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December 04, 2006

The Battle of Leyte Gulf: The Last Fleet Action - H.P. Willmott

Posted by Jeremy Black

The Battle of Leyte Gulf: The Last Fleet Action
by H. P. Willmott
Pp. xii+399. Indiana University Press, 2005
Hardback, 22.95

Following his excellent When Men Lost Faith in Reason: Reflections on Warfare in the Twentieth Century, H. P. Willmott has turned to a narrower focus, but he still ranges widely, covering not only the climactic battle in October 1944 but also the strategic background. As such, this is a worthy successor to a series of books he has produced on the Pacific war, including The Barrier and the Javelin and The War with Japan: The Period of Balance.

Drawing on both American and Japanese material, Willmott shows how bad the Japanese situation was prior to the battle. The availability of oil helped determine Japanese dispositions and, with carrier formations based in home waters and the battle force based just south of Singapore, any American movement against the Philippines presented a very serious problem.

Willmott also indicates how losing honourably was a goal for at least some Japanese naval leaders. The head of the naval operations section asked that the fleet be afforded:

a fitting place to die ...[and] the chance to bloom as flowers of death.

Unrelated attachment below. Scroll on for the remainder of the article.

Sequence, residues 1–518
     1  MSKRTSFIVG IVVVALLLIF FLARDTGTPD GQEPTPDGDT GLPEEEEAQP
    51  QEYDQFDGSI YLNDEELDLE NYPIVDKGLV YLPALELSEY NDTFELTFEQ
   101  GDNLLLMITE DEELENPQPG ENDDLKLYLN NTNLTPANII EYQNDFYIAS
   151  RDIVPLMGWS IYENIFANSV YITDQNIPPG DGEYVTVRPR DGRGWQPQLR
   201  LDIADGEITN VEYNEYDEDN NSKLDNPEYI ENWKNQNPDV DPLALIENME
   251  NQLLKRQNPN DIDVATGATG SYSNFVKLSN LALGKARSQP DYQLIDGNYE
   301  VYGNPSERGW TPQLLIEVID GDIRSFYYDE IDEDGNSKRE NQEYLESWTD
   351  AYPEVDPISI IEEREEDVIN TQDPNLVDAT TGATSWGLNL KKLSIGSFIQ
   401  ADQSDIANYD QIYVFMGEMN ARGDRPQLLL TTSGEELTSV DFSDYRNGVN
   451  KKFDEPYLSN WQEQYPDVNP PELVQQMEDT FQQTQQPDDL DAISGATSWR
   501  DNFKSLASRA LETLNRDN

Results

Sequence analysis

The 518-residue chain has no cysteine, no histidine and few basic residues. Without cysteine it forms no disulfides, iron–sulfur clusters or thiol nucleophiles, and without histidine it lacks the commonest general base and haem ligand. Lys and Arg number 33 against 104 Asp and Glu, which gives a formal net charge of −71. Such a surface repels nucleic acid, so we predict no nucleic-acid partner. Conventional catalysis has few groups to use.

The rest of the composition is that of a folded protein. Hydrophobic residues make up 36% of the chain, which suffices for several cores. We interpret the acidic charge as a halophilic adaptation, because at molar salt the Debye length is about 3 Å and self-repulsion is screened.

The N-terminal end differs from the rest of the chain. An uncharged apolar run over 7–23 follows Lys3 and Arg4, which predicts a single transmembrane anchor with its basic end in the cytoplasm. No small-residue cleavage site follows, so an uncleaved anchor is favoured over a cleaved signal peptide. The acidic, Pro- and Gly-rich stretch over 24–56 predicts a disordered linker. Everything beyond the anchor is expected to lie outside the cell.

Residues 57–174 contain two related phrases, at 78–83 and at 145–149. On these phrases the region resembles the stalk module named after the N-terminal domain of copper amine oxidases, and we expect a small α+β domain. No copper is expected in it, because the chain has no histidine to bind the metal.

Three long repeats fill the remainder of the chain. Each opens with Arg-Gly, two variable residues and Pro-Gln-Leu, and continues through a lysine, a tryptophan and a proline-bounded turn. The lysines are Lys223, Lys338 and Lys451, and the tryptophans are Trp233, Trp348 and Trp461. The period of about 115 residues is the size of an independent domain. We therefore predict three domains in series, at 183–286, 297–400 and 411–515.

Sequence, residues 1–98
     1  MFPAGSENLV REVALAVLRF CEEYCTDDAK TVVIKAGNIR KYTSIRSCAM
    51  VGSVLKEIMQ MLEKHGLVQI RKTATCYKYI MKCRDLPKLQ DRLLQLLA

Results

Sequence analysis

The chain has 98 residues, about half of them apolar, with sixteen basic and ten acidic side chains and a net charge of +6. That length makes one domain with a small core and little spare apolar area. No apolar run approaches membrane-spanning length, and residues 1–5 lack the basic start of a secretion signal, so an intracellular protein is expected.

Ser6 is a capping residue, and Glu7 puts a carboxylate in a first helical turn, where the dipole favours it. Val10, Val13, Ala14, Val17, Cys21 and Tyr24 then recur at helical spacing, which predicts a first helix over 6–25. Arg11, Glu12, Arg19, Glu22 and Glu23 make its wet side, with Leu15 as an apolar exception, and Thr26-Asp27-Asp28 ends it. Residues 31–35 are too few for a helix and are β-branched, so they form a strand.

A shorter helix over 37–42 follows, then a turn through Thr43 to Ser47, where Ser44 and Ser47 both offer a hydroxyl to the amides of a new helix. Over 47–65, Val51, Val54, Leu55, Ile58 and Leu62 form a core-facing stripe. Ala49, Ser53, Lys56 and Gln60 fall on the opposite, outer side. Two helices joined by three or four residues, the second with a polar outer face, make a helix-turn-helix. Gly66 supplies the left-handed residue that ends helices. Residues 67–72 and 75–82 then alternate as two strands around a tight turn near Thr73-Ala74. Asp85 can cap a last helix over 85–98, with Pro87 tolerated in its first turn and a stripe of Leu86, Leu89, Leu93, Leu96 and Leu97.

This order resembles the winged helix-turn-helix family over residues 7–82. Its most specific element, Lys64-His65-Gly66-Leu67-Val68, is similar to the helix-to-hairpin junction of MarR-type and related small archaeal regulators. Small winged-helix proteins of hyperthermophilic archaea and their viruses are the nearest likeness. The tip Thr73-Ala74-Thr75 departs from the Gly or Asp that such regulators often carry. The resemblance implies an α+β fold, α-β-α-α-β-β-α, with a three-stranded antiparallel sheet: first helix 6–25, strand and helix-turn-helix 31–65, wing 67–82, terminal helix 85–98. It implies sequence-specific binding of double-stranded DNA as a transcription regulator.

The Americans, as Willmott emphasises, faced serious challenges. Hitherto, in offensives in the central and southwest Pacific, they had confronted individual air bases which were isolated from outside support and overwhelmed by carrier air power.

The Philippines, however, were very different. The number of air bases and feeder strips presented the Americans with an enemy land-based air power that was essentially continental in character, but American carrier-based aircraft were now clearly superior in quality to their land-based opposite numbers.

Leyte Gulf involved a series of separate actions, not all of which worked out as the Americans wanted. Willmott points out that for all the American superiority of numbers and potentially overwhelming advantage (in quality as well as quantity) in the air, it proved very difficult to control the tempo of the battle.

The American failure to understand Japanese plans also emerges, and Willmott draws attention to deficiencies in reconnaissance. At the same time, Japanese operational mismanagement is fully clarified. If Willmott's account largely confirms the established narrative, he, nevertheless, contextualises it far better than other studies. The book is supported by clear and helpful maps, helpful appendices, and lengthy footnotes that underline the scholarship involved. It is good value as a hardback book and will contribute to Indiana's reputation for publishing first-rate military history.

Jeremy Black is Professor of History, University of Exeter. Amongst much else, he is the author of The Dotted Red Line: Britain's Defence Policy in the Modern World (Social Affairs Unit, 2006).


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